string title = 3;
  string body = 4;
  uint64 datetime =5;

message MediaAnalysis {
  string source = 1;
  string url = 2;
  string title = 3;
  string body = 4;
  uint64 datetime =5;
  string sentiment = 6;

With this setup one can run protoc --go_out=plugins=grpc:. *.proto and out comes a .pb.go file with our function stubs.

With the core code generated the next step is to to setup a quick server.go and client.go.

For the server we just need to extend the Generate function outlined in the .proto and have it execute sentiment analysis before returning a MediaAnalysis.

func (s *redsenseService) Generate(ctx context.Context, in *pb.MediaPage) (*pb.MediaAnalysis, error) {
  log.Printf("Received MediaPage from %v with title %v", in.Source, in.Title)
  //Here we send the text body off for sentiment analysis
  sentiment := analyzeSentiment(in.Body)

  return &pb.MediaAnalysis{
    Source: in.Source,
    Url: in.Url,
    Title: in.Title,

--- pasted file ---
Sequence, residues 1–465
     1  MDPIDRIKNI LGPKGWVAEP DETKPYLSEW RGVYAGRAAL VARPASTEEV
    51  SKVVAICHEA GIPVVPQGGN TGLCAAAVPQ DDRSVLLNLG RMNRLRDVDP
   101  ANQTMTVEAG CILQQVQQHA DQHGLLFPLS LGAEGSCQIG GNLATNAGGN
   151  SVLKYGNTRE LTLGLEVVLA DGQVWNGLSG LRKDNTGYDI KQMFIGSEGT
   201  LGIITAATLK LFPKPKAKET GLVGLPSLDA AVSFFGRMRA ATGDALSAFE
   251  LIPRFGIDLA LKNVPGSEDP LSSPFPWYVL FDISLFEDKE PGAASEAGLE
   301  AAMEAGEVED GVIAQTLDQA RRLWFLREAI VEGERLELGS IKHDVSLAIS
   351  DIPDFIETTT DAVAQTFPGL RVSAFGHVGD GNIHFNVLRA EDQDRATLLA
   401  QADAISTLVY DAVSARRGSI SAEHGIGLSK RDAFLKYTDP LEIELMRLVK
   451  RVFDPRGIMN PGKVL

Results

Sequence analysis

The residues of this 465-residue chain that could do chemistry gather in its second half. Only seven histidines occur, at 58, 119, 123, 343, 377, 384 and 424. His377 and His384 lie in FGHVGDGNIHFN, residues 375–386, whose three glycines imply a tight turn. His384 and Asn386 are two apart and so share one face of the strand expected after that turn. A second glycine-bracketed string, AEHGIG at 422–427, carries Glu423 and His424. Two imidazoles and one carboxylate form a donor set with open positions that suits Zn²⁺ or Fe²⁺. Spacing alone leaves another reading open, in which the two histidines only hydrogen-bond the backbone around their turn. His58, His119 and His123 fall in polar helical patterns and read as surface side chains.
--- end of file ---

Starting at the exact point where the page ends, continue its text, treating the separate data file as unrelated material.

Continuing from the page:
Body: in.Body,
    Datetime: in.Datetime,
    Sentiment: sentiment,
  }, nil

func analyzeSentiment(text string) string{
  ctx := context.Background()

  // Creates a client.
  client, err := language.NewClient(ctx)
  if err != nil {
    log.Fatalf("Failed to create client: %v", err)

  // Sets the text to analyze.
  t := text

  // Detects the sentiment of the text.
  sentiment, err := client.AnalyzeSentiment(ctx, &languagepb.AnalyzeSentimentRequest{
    Document: &languagepb.Document{
      Source: &languagepb.Document_Content{
        Content: t,
      Type: languagepb.Document_PLAIN_TEXT,
    EncodingType: languagepb.EncodingType_UTF8,
  if err != nil {
    log.Fatalf("Failed to analyze text: %v", err)

  if sentiment.DocumentSentiment.Score >= 0 {
    log.Println("Sentiment: positive")
    return "Positive"
  } else {
    log.Println("Sentiment: negative")
    return "Negative"

This is made pretty easy as Googles NLP API also has a Protobuf structure for invoking it, allowing us to easily make the API call and pass the data similar to how it’s passed between our Client-Server services.

Now that we know what the server logic looks like, lets look at the client.

Harvesting Reddit posts is pretty easy.

All thats needed is to setup the logic to harvest posts using GRAW and then pack the data into the MediaPage Protobuf before sending it off to our server.

func shipIt(out pb.MediaPage)(*pb.MediaAnalysis,error){